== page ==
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Album Review: Velnias – Scion Of Aether

When the atmospheric/post-black metal/Cascadian black metal wave surged into prominence, there were no hard and fast limitations that had been strangling the genre for so many years. Bands like Agalloch, Primordial, and Fen fused doom, trad folk, and ambient music to the mighty, dark skeleton, creating a new sound that was bursting with inspiration and fresh ideas. As with most original sounds, the scene gets flooded and bloated with followers that, for the most part, ape what came before and don’t push any boundaries. And those that started the whole thing go one of a few ways: continuing to forge ahead, settling into a comfortable area that becomes stale, or breaking up and moving on to new projects. Colorado’s Velnias arrived in 2006 with ambition and gusto, and threw their vibrant paints on the well-preserved Agalloch canvas. Over a couple of well-received full-length albums and a handful of EP’s, they have emerged as a band that now has their own sound and perception, their music always a huge melting pot of vast areas to explore.

Scion Of Aether gives a new playground for us to run around in, upping the progressive elements to give a more rounded and interesting listen. Over the six songs on offer, the dynamics lift, pull, and elevate the music to excess, assuming that the listener is aware that they need to make their own path through the monolithic swathes of sound and color. It’s an ambitious undertaking that succeeds for the most part, although the length of the four main songs (the other two are short instrumentals) sometimes feels stretched out for effect instead of adding to the music itself. That said, “Pariah Of The Infinite” and the huge album-closer, “Oblivion Horizon – Null Terminus,” the strongest pieces on the album, are meticulously constructed to allow numerous shadowy areas filled with tasty tidbits and chest-beating epicness, both bloodthirsty and emotional to the core.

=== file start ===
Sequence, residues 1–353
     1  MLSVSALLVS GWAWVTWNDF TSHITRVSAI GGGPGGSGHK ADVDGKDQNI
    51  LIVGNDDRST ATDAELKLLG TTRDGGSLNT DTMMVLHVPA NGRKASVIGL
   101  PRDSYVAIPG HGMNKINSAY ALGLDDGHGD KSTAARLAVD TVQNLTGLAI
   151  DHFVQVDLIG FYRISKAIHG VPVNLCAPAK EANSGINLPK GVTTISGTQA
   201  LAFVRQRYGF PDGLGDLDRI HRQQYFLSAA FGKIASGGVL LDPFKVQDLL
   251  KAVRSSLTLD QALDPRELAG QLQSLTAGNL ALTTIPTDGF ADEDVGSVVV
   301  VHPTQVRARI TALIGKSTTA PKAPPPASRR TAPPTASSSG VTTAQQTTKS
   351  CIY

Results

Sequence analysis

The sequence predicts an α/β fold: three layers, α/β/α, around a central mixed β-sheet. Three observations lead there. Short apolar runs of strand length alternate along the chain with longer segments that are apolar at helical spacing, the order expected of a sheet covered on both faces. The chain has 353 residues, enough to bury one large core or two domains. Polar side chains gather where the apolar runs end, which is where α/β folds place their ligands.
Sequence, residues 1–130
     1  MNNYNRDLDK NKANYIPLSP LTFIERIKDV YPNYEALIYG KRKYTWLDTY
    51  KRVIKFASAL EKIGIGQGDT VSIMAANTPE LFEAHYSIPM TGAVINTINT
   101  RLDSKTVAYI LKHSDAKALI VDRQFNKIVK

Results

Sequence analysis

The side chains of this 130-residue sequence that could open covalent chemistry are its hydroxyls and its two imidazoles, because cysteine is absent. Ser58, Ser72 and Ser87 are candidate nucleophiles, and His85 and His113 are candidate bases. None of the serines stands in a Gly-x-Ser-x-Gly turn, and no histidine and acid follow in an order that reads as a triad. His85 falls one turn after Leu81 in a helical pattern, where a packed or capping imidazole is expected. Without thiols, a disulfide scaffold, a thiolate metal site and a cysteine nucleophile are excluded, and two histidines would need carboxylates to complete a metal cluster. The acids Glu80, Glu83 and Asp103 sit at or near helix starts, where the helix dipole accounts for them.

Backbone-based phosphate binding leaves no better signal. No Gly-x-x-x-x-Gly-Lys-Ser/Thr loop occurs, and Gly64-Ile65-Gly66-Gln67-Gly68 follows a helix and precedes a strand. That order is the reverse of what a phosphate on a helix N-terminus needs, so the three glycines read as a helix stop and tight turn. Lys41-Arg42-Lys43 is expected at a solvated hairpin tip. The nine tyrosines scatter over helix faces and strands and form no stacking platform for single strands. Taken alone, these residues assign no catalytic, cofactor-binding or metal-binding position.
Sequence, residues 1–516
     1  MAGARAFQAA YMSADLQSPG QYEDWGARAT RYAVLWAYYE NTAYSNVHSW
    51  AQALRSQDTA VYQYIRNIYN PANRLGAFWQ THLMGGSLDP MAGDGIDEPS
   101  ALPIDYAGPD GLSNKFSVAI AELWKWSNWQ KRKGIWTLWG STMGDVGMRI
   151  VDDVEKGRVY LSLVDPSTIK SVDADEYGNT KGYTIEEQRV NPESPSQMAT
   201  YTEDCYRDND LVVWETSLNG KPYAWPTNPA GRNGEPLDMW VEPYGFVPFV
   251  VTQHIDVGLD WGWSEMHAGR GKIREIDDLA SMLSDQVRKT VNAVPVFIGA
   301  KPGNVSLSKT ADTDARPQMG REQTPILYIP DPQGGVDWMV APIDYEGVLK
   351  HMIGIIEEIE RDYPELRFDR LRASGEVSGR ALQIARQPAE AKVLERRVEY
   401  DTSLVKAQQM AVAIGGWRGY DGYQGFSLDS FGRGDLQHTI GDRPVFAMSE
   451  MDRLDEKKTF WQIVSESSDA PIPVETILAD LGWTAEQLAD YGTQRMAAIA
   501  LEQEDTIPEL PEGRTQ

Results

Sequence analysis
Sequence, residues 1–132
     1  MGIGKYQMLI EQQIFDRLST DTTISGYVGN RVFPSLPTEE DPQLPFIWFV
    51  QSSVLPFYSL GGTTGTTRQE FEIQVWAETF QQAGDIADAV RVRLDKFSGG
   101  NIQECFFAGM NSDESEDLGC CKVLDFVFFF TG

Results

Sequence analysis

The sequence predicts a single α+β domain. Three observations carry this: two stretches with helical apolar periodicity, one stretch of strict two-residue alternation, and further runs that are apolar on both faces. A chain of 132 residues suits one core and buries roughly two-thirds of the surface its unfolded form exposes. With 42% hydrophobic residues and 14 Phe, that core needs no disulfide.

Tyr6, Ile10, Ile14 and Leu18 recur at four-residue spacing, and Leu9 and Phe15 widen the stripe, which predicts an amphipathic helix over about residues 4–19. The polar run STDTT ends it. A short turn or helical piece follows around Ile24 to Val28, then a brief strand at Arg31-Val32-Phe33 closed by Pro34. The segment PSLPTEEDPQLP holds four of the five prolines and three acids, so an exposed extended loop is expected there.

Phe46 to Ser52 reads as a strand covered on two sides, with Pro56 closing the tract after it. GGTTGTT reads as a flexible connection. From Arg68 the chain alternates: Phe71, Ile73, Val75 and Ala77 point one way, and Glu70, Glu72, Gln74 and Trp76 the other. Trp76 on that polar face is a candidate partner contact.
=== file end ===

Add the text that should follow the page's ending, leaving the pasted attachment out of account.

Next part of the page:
Scion Of Aether is when looked at in context, the strongest collection of music released by Velnias, and fans of the band and this particular mash-up of post-black metal and proggy, folky doom will find a lot to enjoy with repeated listens. The compositions are sound, the playing tight and warm, and the production is wide open and on-point, all adding up to an exciting listen that not only builds on the band’s legacy but shows that they still have a lot to offer and explore on future releases. It’s a winner.

RELEASE DATE: March 27, 2020

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